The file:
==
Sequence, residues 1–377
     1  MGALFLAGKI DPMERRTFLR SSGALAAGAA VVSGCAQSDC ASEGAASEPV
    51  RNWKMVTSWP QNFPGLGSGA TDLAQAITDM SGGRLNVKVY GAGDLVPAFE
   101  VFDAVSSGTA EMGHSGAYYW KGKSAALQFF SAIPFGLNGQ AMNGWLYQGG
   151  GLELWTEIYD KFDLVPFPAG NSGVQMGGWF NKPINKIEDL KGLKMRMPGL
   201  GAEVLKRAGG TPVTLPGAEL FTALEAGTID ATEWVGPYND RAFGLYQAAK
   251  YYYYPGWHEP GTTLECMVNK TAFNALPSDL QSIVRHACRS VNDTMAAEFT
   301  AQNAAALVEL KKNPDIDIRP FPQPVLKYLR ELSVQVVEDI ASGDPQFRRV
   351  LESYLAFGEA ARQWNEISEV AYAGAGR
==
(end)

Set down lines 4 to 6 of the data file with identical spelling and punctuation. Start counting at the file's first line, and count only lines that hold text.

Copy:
   101  VFDAVSSGTA EMGHSGAYYW KGKSAALQFF SAIPFGLNGQ AMNGWLYQGG
   151  GLELWTEIYD KFDLVPFPAG NSGVQMGGWF NKPINKIEDL KGLKMRMPGL
   201  GAEVLKRAGG TPVTLPGAEL FTALEAGTID ATEWVGPYND RAFGLYQAAK